I recall sitting at my desk in 2002 as the Early Childhood Programs Coordinator at the Vermont Department of Education, when I first received a survey from a relatively new organization called the National Institute for Early Education Research (NIEER). The survey included multiple questions asking about Vermont’s Early Education Initiative (EEI), a state-funded pre-K program for at-risk children. As much as survey requests would make me groan, I dutifully completed and returned the survey without a second thought. “Perhaps this one might actually amount to something,” was always in the back of my mind.
Little did I realize that I would be sitting on the other end of this survey a decade later. Now a member of the research team responsible for the NIEER State of Preschool 2014 Yearbook, I have a new appreciation for the combined contributions of my colleagues at NIEER and especially the state education agency partners who provide the data. I’ll spare you the details involved in collecting, verifying, analyzing, and reporting the data; suffice it to say it’s a laborious process for all parties concerned. But the result is worth the effort–and the sighs of relief echo across the NIEER office once the annual report is released.
That’s not what I want to tell you, though.
Hindsight is a wonderful gift. When I look back to see how early education has evolved both in my former home state and across the nation since filling out the first survey, I am amazed. State-funded pre-K has expanded its reach from 580,000 4-year-olds in NIEER’s first report, to more than 1.3 million in 2013-2014. Not a single state met all 10 of NIEER’s quality standard benchmarks in 2002, now five states and one of Louisiana’s programs clear the bar, and others are close behind. Little Vermont grew beyond most people’s expectations, from a small program serving 1,001 at-risk children in 2002, to a program serving more than 7,200 children, regardless of their situation. Vermont now ranks first among the states for enrollment (behind only DC) serving more than 90 percent at age 4 and 25 percent of 3s. Vermont has placed quality improvement in its sights as well, with support from the federal Preschool Development Grant program. The Green Mountain State is not alone in showing other states what is possible, and momentum continues from New York City to Mississippi, North Dakota, and Hawaii. There will be even more information available in future NIEER Yearbooks.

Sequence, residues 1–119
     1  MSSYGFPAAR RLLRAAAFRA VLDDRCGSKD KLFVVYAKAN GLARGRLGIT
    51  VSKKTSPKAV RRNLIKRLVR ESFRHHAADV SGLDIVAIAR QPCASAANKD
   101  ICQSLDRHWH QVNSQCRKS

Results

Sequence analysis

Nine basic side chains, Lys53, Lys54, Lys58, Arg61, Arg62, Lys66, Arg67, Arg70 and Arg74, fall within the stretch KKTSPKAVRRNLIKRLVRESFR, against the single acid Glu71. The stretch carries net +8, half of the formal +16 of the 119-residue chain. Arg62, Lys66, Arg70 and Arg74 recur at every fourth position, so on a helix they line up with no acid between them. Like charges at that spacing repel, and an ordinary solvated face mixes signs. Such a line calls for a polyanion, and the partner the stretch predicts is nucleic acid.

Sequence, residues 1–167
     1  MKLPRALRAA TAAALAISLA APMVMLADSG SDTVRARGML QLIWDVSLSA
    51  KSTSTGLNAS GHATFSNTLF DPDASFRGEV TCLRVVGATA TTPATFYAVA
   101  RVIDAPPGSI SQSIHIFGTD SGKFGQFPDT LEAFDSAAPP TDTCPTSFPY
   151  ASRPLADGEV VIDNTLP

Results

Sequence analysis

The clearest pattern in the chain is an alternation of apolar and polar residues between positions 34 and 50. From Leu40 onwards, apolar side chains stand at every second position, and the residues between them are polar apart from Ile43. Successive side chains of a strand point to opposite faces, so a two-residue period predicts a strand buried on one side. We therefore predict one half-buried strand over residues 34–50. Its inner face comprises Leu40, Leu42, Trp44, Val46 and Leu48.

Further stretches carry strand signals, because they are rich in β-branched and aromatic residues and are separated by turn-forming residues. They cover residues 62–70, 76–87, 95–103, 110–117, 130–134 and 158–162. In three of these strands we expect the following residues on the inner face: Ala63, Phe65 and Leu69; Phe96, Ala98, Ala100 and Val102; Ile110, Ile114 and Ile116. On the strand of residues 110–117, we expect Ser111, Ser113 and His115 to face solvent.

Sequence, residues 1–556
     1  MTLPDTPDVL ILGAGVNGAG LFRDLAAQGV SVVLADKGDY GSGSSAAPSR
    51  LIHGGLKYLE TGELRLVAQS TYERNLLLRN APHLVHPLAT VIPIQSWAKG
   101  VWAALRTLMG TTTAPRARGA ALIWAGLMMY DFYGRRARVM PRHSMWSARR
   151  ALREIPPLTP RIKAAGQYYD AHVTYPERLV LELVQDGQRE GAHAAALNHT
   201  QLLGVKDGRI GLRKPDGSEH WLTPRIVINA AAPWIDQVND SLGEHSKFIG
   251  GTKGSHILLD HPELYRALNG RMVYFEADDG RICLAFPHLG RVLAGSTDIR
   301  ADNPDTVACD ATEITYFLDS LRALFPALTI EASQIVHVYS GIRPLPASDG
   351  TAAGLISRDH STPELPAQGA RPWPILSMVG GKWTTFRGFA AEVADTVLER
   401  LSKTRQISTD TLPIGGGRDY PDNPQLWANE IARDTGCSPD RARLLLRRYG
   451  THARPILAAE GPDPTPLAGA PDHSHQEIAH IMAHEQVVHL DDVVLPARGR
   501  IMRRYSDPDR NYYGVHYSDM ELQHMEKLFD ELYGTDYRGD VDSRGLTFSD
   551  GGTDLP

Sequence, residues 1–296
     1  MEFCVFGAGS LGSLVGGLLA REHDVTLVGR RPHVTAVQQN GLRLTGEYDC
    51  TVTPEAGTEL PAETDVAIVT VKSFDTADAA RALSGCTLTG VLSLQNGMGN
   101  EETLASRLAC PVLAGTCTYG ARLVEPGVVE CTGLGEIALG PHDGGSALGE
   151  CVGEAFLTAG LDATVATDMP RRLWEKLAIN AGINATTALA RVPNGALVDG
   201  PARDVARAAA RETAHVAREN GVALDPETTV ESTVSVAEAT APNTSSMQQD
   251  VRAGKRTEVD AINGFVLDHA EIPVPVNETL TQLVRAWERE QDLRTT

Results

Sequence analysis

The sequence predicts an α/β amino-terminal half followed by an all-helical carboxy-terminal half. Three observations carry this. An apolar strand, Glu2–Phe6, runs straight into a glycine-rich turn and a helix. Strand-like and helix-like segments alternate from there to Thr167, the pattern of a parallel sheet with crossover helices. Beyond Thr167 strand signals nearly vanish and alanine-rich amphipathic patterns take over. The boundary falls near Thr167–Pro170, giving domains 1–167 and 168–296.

What does momentum on the national front have to do with the NIEER Yearbook and other research reports? I am convinced pre-K would be a footnote rather than a headline without this research tracking our progress. Filling out those checkboxes has paid enormous dividends. Once relegated to discussions in state agency meeting rooms, pre-K is now on the lips of parents, politicians, scientists, economists, philanthropists, and leaders in military, law enforcement, and business, throughout the nation. The Yearbook has proven to be an indispensable resource for policymakers seeking to capture best practices and policies around the country. The biggest beneficiaries of the Yearbook and all the hard work involved, however, are the many children who can look forward to going to pre-K as a result of these national conversations. They just don’t know how to express it quite yet.
–Jim Squires, Senior Research Fellow